The abject failure of Linux on the desktop
I remember back in the 80s hearing how UNIX on the desktop was the future but I didn’t understand what it meant until the late 90s when I first started dabbling in Linux. By the end of the 20th century, I was running SuSE Linux with KDE on X and I thought this really had a future once they’d ironed out the parts only a geek could love. Then I got MacOSX Public Beta and the rest is history.
Back then, before MacOSX 10.0 was released, there was much discussion as to whether or not Apple would release it with Terminal.app as part of the standard install. This scared me as I had transitioned my career to being a Sysadmin and I knew I needed a command line to manage remote servers and run local shell stuff. Looking back, this was the moment that Linux was doomed as a Desktop OS. Never would a distro get to the point that serious consideration was given to simply not shipping a terminal.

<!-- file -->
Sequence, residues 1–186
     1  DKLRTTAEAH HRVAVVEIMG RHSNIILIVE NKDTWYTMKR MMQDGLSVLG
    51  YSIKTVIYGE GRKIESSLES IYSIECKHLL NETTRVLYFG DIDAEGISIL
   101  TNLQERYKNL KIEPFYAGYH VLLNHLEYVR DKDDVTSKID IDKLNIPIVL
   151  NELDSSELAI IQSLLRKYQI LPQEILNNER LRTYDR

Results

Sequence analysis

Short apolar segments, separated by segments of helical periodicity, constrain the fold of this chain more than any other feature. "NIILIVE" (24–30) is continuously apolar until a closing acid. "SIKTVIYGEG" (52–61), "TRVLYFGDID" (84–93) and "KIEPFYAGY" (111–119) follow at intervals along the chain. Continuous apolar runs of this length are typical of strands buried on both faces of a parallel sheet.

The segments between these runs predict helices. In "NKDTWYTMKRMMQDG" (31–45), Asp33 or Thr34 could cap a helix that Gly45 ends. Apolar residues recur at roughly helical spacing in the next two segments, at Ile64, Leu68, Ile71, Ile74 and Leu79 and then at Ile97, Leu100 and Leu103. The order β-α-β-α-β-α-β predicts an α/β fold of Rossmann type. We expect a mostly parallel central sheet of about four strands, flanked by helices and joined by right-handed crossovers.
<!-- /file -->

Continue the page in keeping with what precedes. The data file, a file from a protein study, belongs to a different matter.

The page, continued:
Linux is the best choice of OS for servers, hands down, and I’ve built a career installing, maintaining and managing these servers. However, on the desktop, it’s a fractured mess. The GUI is … let me rephrase, the GUIs are all hacks on top of patches on top of cludges. I remember hours of hacking XF86Config just to add a bloody mouse, so I seriously hope the X.org system works better. I know a lot of work is being put into making it easier, but almost every install story I hear involves command-line hackery of one kind or another.
In this respect, I have been shouting this claim for years, and think it may be too late. Still, here is my challenge to the Linux Communities if they want Linux to ever succeed on the desktop:
Linux will only ever succeed as a Desktop Operating System if it can ship without a terminal.
I’m not saying that it shouldn’t have a terminal, but that it could ship without one. Until that happens, it’s always going to be a geek’s toy.